The locomotive is of the B-B classification in diesel terms but is rather unique in that all wheels are coupled mechanically in a similar manner to that of a Climax steam locomotive. The power unit is a Cummins NT 855 L4 big cam diesel engine producing 335 HP at 2100 RPM cooled by a fan cooled radiator. The diesel engine drives through a torque converter into a constant mesh epicyclic gearbox giving forward and reverse gears and was manufactured by Allison of America. The final drive is a drop-down gearbox integral with the speed/direction gearbox having two output flanges from which the cardan shafts drive to the final drive gearboxes. The gears are engaged by hydraulically operated clutches through an integral selection valve, as is the direction function, with the hydraulic power being supplied by an integral pump. Engine and gearbox oil is cooled by the cooling system through separate heat exchangers. The final drive gearboxes, one to each axle and coupled by cardan shafts, are axle hung with torque reaction being taken through links to the bogie frame. The final drive gearboxes have an input shaft driving through a helical bevel gear onto a layshaft at 90 degrees then through a helical spur to the axle mounted spur gear.
Control of the drive system described above is as follows:
The power unit fuel supply is controlled by a valve operated by a solenoid with current fed via a protection circuit so that should the power unit overheat or lose oil pressure then the fuel supply is cut off and so stopping the diesel engine. The protection circuit is manually overridden when starting the diesel engine.
The gearbox selection valves are operated by pneumatic cylinders, one for the drive gear and one for direction, and these are controlled by solenoid valves operated by an ex-British Railways DMU gear/direction controller. The controller also provides interlocking between cabs, ensuring that it can only be driven from one end at a time!
The throttle is controlled pneumatically by a solenoid valve and uses a brake valve as a pressure regulator to a bellows unit reacting against a spring.
The locomotive brakes are air operated through a pressure regulating valve to four bogie mounted cylinders. When hauling a train of vacuum braked stock a combination valve operated by the vacuum brake valve applies the locomotive brakes in unison with the train.
There are two modes of operation: Shunt and Passenger. Shunt mode is for yard operation eliminating the deadman system and the removes the ability to generate vacuum for braking and so makes it impossible to pull passenger trains in this mode. Passenger mode activates the vacuum brakes and the deadman system. The deadman system requires resetting every 40 seconds, indicated by a siren. If it is not reset then 5 seconds later the power unit shuts down to tickover, the gears disengage and the brakes come on simultaneously. A Park switch disables the deadman system, applies the locomotive brakes and disengages the gears.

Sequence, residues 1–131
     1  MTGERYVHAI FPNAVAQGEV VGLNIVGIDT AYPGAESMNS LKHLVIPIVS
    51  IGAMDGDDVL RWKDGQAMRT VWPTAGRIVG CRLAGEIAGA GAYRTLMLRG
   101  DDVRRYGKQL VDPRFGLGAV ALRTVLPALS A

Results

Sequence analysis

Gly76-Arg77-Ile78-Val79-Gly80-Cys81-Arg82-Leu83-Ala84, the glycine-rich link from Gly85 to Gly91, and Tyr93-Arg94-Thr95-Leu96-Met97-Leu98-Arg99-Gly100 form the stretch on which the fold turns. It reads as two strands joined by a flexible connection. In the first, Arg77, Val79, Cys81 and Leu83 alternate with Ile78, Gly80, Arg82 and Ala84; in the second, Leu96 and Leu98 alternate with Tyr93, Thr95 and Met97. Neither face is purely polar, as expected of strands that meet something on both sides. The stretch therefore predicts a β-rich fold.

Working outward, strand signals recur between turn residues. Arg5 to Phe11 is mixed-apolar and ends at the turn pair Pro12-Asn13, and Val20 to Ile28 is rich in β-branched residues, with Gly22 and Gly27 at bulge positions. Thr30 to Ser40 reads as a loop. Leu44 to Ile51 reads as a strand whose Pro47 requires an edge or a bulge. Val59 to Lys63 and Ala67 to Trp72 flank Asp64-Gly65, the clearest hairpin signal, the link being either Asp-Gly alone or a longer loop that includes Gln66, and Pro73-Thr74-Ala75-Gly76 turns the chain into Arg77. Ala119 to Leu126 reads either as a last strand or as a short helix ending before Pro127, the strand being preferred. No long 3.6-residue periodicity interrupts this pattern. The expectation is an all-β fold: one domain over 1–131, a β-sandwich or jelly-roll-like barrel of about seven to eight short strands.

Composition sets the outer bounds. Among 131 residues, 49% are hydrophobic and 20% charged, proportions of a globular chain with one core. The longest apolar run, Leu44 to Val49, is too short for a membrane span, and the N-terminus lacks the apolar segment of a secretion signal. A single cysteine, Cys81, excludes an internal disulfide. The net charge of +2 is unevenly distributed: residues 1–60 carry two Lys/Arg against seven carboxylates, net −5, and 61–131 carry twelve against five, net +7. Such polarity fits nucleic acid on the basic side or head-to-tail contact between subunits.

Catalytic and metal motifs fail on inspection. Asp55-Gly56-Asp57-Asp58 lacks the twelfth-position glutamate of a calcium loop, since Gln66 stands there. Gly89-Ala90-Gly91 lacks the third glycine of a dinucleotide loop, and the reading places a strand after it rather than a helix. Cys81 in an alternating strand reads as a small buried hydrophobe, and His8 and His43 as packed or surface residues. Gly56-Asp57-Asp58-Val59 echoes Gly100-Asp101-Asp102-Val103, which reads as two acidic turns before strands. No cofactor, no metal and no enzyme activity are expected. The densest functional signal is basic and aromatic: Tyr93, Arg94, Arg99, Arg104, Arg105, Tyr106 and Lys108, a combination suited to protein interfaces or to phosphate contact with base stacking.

Vacuum for train braking is generated by a vane type exhauster driven by a hydraulic motor, which in turn is driven by a hydraulic variable displacement pump driven off the gearbox power take-off. Flow to the motor is restricted through alternative flow restrictors giving two running speeds 750 and 1400, available whatever the power unit speed. Four high vacuum receivers provide additional "suck" availability. The parking brake is cable-operated on one bogie actuated through a screw jack and powered by electric motor or hand in case of power failure.
Cab heating and demisting is by a diesel powered unit situated centrally feeding to both cabs simultaneously. Windscreen wipers and washers are pneumatically powered, as are the warning horns. The electrical system, 24 volts DC, is supplied by a power unit driven alternator and storage by two batteries. Air is supplied by a compressor driven by the power unit.
The cabs are modules mounted on neoprene pads and the interiors are lined with sound-absorbing material. The control panels are covered in leather cloth.
The bonnet side and roof panels are carried on three portal frames with the centre frame carrying the silencer, air filter and cab heater. The bonnet and roof panels do not carry any services and can be removed by two people in less than 30 minutes so making access for heavy maintenance easy.
Under the bonnet the layout is modular, with radiator, power unit/gearbox, exhauster package, brake package, electrical/pneumatic package, fuel tank and handbrake units. Each of these units can be lifted out separately after disconnection.
- Lewis, Charles. "Port Elizabeth - Loerie: The Limestone Traffic". Soul of a Railway. Retrieved 6 September 2018.
- Paxton, L; Payling, D. (2005). "Narrow Gauge Super Power - Limestone to Port Elizabeth". The Narrow Gauge. Narrow Gauge Railway Society (192).
- Part of the above comes from recollections made by Paul Martin in the FR e-group post 45607
- Rail Accident Investigation Branch (3 May 2019). "Locomotive runaway at Beddgelert". Gov.uk.
- FR Co. records